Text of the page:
Their motivations are often hard to predict and anticipate, ranging from a desire for financial gain to disaffection, coercion and simple carelessness. While insider-assisted attacks are uncommon, the impact of such attacks can be devastating as they provide a direct route to the most valuable information. Examples of insider attacks in recent years include: A rogue telecoms employee leaking 70 million prison inmate calls, many breaching client-attorney privilege. An SMS center support engineer who had intercepted messages containing OTP (One-Time Passwords) for the two-step authentication required to login to customer accounts at a popular fintech company.

The engineer was found to be freely offering his services on a popular DarkNet forum. For attackers, infiltrating the networks of ISPs and CSPs requires a certain level of experience – and it is often cheaper and easier to stroll across the perimeter with the help of a hired or blackmailed insider.

Cybercriminals generally recruit insiders through two approaches: enticing or coercing individual employees with relevant skills, or trawling around underground message boards looking for an appropriate employee or former employee. Employees of cellular service providers are in demand for fast track access to subscriber and company data or SIM card duplication/illegal reissuing, while staff working for Internet service providers are needed for network mapping and man-in-the-middle attacks. A particularly promising and successful attack vector for recruiting an insider for malicious intrusion is blackmail. Data breaches, such as the 2015 Ashley Madison leak reveal information that attackers can compare with other publically available information to track down where people work and compromise them accordingly.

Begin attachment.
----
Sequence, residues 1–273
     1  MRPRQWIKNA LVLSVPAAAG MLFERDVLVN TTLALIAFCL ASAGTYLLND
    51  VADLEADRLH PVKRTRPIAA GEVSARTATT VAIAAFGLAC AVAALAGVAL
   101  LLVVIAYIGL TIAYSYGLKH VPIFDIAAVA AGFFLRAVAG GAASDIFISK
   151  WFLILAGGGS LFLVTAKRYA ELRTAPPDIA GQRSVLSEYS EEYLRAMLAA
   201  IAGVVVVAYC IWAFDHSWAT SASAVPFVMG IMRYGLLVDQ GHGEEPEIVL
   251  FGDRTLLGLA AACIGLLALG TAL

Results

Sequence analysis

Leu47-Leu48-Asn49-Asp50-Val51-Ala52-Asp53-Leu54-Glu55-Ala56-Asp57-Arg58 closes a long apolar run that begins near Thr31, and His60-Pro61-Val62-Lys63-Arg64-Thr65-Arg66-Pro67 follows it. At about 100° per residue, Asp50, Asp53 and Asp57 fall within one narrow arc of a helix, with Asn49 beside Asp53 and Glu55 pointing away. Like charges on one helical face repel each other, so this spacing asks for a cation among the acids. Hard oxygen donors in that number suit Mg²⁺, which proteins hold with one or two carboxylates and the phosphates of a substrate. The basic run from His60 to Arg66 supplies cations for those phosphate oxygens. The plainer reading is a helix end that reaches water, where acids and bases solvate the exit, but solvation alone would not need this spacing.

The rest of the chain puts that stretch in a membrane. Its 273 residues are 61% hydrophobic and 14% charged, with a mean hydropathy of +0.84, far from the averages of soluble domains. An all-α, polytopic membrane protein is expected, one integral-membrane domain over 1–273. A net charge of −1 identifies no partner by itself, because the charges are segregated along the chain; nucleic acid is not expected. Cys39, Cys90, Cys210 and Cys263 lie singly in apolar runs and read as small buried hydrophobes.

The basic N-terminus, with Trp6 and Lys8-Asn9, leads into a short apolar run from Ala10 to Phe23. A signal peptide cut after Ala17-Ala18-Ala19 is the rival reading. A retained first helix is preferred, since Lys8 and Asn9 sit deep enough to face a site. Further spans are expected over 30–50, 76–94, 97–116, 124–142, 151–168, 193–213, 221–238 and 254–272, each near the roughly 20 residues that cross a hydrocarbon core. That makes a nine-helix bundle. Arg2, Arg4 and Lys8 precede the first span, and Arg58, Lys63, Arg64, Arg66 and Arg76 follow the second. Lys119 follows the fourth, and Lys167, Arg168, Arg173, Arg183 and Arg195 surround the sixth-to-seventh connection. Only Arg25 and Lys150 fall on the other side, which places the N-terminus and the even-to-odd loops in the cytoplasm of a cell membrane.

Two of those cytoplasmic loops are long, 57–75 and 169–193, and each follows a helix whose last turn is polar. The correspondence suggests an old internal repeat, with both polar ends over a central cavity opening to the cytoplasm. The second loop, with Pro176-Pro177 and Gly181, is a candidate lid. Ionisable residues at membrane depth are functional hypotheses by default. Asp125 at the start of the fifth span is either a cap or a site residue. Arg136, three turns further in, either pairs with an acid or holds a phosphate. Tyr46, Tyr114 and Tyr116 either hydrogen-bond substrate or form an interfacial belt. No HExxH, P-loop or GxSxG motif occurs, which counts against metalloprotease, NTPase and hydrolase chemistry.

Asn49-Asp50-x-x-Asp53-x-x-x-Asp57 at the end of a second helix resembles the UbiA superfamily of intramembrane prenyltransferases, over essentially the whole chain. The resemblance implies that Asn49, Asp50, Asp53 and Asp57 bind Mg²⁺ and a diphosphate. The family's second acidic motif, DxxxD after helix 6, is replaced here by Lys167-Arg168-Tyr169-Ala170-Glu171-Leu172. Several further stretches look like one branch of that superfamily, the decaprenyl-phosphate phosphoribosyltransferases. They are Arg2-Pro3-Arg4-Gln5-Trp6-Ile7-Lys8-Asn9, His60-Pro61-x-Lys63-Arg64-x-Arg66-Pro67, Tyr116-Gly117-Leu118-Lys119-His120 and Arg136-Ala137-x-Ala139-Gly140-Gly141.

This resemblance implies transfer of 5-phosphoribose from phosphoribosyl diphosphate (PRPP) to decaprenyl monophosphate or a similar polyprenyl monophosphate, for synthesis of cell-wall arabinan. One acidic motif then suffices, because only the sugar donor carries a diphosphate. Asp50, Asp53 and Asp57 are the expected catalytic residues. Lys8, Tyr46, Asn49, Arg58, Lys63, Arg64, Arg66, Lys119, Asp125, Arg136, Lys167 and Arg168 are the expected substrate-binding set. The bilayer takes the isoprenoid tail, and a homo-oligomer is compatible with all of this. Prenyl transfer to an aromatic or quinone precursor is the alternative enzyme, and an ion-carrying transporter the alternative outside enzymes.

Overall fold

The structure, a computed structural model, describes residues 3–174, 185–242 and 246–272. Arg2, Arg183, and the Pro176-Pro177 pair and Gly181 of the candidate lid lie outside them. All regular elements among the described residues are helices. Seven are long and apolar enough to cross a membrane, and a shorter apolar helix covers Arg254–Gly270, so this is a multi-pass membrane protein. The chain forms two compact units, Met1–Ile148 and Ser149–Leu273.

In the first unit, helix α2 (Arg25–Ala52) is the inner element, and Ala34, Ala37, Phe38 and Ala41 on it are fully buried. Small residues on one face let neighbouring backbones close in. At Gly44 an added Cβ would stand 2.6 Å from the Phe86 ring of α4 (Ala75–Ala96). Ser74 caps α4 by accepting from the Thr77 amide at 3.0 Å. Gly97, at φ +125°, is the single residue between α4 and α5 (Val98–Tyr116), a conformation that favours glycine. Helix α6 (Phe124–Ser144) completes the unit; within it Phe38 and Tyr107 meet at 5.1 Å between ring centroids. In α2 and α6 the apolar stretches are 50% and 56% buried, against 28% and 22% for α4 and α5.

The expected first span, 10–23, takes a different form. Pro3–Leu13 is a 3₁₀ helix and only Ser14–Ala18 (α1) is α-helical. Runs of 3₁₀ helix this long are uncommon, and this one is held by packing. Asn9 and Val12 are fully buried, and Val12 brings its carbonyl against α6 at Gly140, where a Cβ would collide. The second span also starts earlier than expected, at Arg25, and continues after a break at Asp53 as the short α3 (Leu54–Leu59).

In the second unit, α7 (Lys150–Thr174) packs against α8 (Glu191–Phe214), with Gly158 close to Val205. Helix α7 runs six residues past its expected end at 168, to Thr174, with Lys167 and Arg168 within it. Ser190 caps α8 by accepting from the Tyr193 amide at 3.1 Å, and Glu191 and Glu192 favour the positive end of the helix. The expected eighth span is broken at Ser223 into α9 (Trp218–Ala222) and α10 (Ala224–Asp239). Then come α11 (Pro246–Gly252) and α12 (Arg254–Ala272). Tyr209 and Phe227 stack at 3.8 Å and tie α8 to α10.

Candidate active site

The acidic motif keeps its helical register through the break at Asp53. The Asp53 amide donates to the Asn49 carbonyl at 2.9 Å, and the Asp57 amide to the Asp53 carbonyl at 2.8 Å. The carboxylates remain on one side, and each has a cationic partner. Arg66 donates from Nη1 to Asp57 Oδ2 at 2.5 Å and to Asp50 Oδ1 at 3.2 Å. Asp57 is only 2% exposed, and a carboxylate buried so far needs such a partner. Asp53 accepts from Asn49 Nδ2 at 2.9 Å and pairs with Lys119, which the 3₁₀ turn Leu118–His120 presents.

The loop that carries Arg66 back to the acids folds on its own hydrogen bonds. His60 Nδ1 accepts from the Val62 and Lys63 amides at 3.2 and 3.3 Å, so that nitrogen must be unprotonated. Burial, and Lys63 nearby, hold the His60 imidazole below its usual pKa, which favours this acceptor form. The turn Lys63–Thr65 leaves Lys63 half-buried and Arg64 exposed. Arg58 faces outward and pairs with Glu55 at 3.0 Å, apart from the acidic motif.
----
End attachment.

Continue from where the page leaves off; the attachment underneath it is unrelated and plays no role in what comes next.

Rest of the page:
Very often, these leaked databases contain corporate email addresses, including those of telecommunication companies. Further information on the emerging attack vectors based on the harvesting of Open Source Intelligence (OSINT) can be obtained using Kaspersky Lab’s customer-specific Intelligence Reporting services. Threats targeting CSP/ISP subscribers Overview Attacks targeting the customers of cloud and Internet service providers remain a key area of interest for cybercriminals. We’ve revealed a number of malware activities and attack techniques based on internal information and incidents that were caught in our scope.

As a result of analyzing this data the following main threats were identified: Obtaining subscribers’ credentials. This is growing in appeal as consumers and businesses undertake ever more activity online and particularly on mobile.

Further, security levels are often intentionally lowered on mobile devices in favor of usability, making mobile attacks even more attractive to criminals. Compromising subscribers’ devices.

The number of mobile malware infections is on the rise, as is the sophistication and functionality of the malware.